If you’ve outgrown your current space, you might want to increase your square footage with a home addition. The average cost for this type of update is $46,465, according to HomeAdvisor.
The cost of your addition will vary largely by the size of the room. For example, a 10-by-12-foot room will cost an average of $9,600-$24,000 to add, while a 25-by-40-foot room averages $80,000-$200,000 to build, according to HomeAdvisor.
“In most cases, you are better off purchasing a new home if you are needing more square footage, and you don’t currently live in a house that already provides the footprint — [an]unfinished basement,” Shipwash said. “Breaking ground to add square footage is expensive.”
It’s possible you need more space on your property, but don’t actually want to add onto your home. In this case, you might be interested in building an ADU — an accessory dwelling unit.
For example, you might want to build a completely separate space for your in-laws or a pool house. While your ADU would solve a logistical problem, it won’t come cheap.
The cost of an ADU depends on the size and type of the structure, according to the City of San Jose. For example, a new, custom-built detached ADU could cost up to $250,000, while retrofitting an existing attached garage or basement might cost $80,000-$150,000.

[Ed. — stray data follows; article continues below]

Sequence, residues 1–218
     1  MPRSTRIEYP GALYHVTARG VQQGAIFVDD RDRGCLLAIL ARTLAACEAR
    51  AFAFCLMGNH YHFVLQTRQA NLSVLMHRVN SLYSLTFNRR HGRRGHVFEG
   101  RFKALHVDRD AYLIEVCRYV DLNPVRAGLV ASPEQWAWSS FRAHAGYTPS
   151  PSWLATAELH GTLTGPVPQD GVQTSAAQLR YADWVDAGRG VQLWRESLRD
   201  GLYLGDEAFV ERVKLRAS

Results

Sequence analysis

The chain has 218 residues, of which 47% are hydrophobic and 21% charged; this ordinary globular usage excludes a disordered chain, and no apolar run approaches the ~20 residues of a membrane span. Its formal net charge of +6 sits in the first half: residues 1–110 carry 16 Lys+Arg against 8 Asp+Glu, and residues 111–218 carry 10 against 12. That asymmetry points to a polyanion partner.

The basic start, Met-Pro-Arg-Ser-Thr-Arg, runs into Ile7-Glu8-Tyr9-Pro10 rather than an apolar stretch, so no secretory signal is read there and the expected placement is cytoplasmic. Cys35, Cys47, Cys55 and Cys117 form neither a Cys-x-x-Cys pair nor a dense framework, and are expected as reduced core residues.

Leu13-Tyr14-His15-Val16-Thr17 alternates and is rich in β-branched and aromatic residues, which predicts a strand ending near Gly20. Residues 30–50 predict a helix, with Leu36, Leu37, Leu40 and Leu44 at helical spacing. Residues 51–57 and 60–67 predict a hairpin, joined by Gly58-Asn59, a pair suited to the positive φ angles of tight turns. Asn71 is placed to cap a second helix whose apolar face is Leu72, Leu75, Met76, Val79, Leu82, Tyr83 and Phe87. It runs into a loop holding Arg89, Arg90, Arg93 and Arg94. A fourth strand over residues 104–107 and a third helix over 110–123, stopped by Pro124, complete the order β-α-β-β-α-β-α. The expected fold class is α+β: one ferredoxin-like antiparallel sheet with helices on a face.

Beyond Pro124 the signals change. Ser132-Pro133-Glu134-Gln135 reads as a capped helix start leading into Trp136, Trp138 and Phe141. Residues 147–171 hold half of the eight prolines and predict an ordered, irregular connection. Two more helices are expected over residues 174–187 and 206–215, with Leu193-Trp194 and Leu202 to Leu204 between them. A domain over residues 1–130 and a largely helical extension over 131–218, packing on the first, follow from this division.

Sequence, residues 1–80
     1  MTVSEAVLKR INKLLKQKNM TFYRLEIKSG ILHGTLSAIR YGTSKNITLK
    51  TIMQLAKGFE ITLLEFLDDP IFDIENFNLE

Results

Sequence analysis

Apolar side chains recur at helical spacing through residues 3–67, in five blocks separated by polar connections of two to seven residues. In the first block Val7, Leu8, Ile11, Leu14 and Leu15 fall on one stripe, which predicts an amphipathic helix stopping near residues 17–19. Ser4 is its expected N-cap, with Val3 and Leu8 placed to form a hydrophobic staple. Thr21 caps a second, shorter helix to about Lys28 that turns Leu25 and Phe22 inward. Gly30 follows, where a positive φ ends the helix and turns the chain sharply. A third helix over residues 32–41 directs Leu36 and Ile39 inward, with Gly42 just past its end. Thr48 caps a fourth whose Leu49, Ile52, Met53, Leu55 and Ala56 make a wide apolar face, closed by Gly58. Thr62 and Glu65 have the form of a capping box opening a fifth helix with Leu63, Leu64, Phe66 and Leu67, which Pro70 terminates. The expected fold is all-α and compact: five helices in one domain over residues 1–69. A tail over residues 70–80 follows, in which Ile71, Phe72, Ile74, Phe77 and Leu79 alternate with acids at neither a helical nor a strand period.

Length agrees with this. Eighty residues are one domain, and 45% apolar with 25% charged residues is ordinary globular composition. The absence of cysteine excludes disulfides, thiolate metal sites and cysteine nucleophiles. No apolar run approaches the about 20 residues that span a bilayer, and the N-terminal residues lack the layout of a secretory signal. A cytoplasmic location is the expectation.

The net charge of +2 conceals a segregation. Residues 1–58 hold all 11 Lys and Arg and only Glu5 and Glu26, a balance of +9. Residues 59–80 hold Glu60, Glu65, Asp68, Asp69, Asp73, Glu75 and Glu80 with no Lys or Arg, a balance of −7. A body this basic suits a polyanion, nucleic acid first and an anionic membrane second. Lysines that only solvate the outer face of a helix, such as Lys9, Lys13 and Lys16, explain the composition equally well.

Fixing Foundation Issues
If your home has foundation issues, they need to be repaired. The national average cost for this type of renovation is $4,565, according to HomeAdvisor.
However, major repairs like hydraulic piers can cost $10,000 or more, while stabilizing foundation walls costs an average of $4,000-$12,000 for 12 strips of reinforcement, according to HomeAdvisor.
“Fix any glaring problems before the home hits the market — if you can,” said Jane Dalea-Kahn, a real estate agent with Keller Williams in the Los Angeles area.
She said a home she recently sold had a few cracks in the interior walls, but the owner opted to have them repaired before putting it on the market.
“Since we live in California, cracks in the wall are common, but fixing them upfront eliminated any concerns about the foundation or other imaginary scenarios,” she said.
Rewiring a House
Electrical issues in your home can cause deadly safety issues, so they must be repaired. The average cost of rewiring a house is $8,000, according to Fixr.
However, this price can surge up to $30,000 when rewiring an older home, according to Fixr. Therefore, it’s important to consult an electrician and get a rewiring quote specific to your home.
Nothing is worth jeopardizing your family’s safety, so this is a repair that needs to be made in a timely manner if you plan to stay in the house.
More From GOBankingRates